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September 23, 2009 Regarding "Just Right" Books By Victoria Jasztal

    This photo is of a student writing a journal entry.

    I am ready to be upfront with my audience. One of my biggest woes I have encountered so far this school year has been motivating students to choose "Just Right" books. I have watched many students make tremendous choices with the "five finger test" and by "interviewing" their books (looking at the front cover, back cover, and the contents inside), yet not all students have been making the greatest of choices.

    I have observed students for about a month now to see how they are making progress in this area. One of the boys in my class has done the "right thing" in this respect. A voracious reader of Harry Potter and fantasy books, he discovered the Nightmare Academy series by Dean Lorey. He read the first book, Monster Hunters, in the first few weeks of school and read another book this past week that challenged his thinking. He is now on the second book in Dean Lorey's series and is enjoying it. Another voracious reader who sits near him has read five or six books this year at school and home from a variety of genres from a 4th-6th grade level. She has read more difficult books before and knows that she wants to seek a book from our classroom library that will provide the appropriate challenge. They have written appropriate journal entries at home. On the other hand, I have looked at the three weeks of journal entries all my students have written and have seen where a few have changed books several times, writing basic summaries every time (despite what I have introduced in class). Perhaps that is what they have done in the past- or they have not journaled at all- so it is a great challenge to get them to make the correct choice without my guidance. I hope for my students to not just look at a cover and tell me that they chose the book because of the pictures or they chose Kingdom Keepers- Disney After Dark, for example, simply because they enjoy going to Disney World. It is also difficult to go to the school library, see students make good choices about their books, and never delve into them, returning them the following week. Unread.

    In the midst of stressing about this last night, I located a great article that encouraged me to think positively about this situation - This article included a wonderful letter I am going to distribute to parents at Open House tomorrow evening as well as a series of questions parents can reflect on with their children after they have read. I have also reflected on writings I have read from Scholastic contributor Franki Sibberson, who through her professional books and weblog entries encouraged me to work hard with my students this year to locate "Just Right" books in our classroom library. However, I wish I had as much patience as her!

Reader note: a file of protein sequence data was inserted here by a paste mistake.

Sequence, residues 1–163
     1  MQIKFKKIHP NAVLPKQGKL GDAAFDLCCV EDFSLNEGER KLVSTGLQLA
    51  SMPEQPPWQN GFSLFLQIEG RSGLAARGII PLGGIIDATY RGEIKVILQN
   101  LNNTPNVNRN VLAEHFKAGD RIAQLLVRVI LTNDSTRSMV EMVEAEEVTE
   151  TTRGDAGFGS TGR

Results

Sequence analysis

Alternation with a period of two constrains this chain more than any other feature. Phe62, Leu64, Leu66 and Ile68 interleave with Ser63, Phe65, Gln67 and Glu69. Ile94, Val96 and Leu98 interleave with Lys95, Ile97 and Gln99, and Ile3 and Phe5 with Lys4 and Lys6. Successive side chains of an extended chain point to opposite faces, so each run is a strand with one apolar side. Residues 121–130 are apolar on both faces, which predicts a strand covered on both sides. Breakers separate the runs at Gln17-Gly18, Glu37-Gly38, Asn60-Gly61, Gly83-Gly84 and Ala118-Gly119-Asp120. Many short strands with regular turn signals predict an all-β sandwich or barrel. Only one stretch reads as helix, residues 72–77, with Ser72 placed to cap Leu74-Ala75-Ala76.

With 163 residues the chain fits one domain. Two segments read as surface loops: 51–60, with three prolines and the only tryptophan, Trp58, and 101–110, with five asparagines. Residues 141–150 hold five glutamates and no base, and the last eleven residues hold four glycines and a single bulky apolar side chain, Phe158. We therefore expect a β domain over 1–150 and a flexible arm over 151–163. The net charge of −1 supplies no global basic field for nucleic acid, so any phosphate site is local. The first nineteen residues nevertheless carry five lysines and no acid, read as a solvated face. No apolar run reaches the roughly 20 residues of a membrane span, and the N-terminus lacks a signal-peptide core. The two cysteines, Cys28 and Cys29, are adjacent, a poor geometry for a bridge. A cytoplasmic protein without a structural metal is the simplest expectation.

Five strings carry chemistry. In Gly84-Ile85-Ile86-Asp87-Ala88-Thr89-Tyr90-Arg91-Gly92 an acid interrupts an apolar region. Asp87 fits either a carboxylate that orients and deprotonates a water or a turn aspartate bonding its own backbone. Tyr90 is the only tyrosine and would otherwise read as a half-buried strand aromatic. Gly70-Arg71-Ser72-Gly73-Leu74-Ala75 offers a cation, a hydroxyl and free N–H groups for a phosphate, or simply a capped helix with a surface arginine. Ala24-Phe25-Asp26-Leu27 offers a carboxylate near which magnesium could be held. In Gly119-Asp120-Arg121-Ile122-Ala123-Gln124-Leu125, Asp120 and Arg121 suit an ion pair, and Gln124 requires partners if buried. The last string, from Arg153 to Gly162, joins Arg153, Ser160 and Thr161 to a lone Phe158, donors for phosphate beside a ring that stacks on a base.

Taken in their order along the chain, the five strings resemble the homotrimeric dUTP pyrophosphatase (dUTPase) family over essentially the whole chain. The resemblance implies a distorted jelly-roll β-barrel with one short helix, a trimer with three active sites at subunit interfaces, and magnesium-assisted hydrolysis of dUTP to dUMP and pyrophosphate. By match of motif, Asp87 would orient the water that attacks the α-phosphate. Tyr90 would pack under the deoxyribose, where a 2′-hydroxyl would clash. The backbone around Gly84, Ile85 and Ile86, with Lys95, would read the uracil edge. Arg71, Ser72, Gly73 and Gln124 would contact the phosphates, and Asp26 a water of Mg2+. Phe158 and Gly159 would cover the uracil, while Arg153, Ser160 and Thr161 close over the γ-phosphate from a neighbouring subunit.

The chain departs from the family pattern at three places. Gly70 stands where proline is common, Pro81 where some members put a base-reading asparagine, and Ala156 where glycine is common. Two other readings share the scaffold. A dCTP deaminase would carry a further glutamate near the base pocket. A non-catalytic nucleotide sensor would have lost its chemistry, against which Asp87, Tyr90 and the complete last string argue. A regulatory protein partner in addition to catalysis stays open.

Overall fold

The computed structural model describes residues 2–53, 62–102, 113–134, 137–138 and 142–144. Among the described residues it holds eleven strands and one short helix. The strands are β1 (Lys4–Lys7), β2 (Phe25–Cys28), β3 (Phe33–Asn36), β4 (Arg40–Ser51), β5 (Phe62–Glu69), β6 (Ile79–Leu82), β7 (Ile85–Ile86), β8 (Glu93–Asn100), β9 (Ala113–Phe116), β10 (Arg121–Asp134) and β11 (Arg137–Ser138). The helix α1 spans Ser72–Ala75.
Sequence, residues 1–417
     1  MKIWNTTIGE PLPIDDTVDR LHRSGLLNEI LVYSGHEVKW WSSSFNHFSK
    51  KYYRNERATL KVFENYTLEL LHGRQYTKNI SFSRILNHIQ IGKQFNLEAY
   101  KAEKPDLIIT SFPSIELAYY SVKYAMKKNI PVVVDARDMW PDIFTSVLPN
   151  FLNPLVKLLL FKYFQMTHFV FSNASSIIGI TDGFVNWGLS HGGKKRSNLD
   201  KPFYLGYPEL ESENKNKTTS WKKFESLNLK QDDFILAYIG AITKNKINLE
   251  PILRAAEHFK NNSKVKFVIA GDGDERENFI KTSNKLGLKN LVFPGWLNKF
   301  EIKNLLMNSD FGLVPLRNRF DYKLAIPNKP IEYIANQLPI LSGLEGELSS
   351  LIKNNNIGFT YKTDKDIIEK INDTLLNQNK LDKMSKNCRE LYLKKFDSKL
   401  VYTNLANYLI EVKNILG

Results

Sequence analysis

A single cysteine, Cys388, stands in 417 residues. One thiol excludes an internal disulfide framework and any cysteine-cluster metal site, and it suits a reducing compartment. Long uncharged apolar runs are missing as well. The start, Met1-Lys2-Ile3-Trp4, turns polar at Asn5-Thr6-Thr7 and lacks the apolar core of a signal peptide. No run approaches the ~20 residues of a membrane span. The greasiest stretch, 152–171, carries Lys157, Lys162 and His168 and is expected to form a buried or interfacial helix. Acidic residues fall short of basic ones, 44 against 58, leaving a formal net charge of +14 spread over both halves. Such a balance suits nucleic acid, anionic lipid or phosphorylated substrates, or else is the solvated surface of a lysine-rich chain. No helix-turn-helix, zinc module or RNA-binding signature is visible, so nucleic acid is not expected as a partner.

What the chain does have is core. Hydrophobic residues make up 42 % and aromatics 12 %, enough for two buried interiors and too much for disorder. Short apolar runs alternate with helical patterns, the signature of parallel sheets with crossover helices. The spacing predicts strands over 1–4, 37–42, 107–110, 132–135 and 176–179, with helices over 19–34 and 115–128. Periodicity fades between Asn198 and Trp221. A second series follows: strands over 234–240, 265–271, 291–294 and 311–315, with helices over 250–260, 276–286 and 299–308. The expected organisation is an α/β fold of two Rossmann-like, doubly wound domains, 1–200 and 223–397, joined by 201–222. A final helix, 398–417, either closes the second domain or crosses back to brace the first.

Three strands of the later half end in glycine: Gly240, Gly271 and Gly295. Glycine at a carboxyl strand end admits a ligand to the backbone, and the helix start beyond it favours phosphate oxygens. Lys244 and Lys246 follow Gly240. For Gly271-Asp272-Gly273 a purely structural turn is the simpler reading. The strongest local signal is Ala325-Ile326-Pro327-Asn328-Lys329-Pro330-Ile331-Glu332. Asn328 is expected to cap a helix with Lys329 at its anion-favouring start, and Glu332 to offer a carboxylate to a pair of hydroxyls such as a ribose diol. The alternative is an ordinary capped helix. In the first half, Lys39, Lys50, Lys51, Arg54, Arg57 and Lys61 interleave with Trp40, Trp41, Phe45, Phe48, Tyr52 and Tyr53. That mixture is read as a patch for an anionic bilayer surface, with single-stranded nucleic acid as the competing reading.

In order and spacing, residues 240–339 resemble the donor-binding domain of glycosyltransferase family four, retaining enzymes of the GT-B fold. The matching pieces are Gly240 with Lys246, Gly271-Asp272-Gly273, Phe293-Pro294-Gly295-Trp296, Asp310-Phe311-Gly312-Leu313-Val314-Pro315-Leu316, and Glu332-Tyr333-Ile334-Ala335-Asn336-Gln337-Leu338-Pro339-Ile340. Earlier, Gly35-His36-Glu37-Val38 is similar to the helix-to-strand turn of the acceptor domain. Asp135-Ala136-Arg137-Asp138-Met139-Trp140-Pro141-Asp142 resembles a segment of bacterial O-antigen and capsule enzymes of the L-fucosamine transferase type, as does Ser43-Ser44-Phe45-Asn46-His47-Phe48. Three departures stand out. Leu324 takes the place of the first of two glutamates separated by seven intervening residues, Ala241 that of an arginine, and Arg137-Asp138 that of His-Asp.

This year has been challenging because I have never implemented the idea of choosing "Just Right" books and journaling about it before. Sometimes one may look at the title of "Scholastic Teacher Advisor" and believe the advisor is somewhat of a sage on all playing fields, yet I am still a rookie in this respect. I am in my sixth year of teaching, and reflecting on the past five years, I was close to where I wanted to be in the second half of last year. However, I advised my students to choose all Newbery award winning books for a particular project and did not focus on choosing "Just Right" books earlier in the year like I should have. Those students were not required to read at home, which I wish I would have required because there is an extensive amount of research connecting independent reading time to achievement.

    Thank goodness I am focusing on improving this just after the first month of school rather than in the seventh or eighth month. To finish, I have a few questions for you-

    • Have you encouraged students to read "Just Right" books in your classroom? Have you experienced similar woes, and how did you work with your students to remedy them? If you conference with your students, how did you approach the conversation?
    • Is there a woe that you currently have where you would like to receive advice?

    I am positive all of us have been in a situation where we have been between "a rock and a hard place". I am also certain that at some point and time we have read extensively about a topic and have felt like we were prepared to implement the new ideas in our classrooms, yet it turned out the implementation was not like we originally intended. It may have turned out to be somewhat of a tedious or daunting task, causing us to "stress out".

    The greatest thing, though, is that we are in a profession where we are encouraged to voice our concerns and receive the greatest help we can from our colleagues to become more effective teachers.


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Susan Cheyney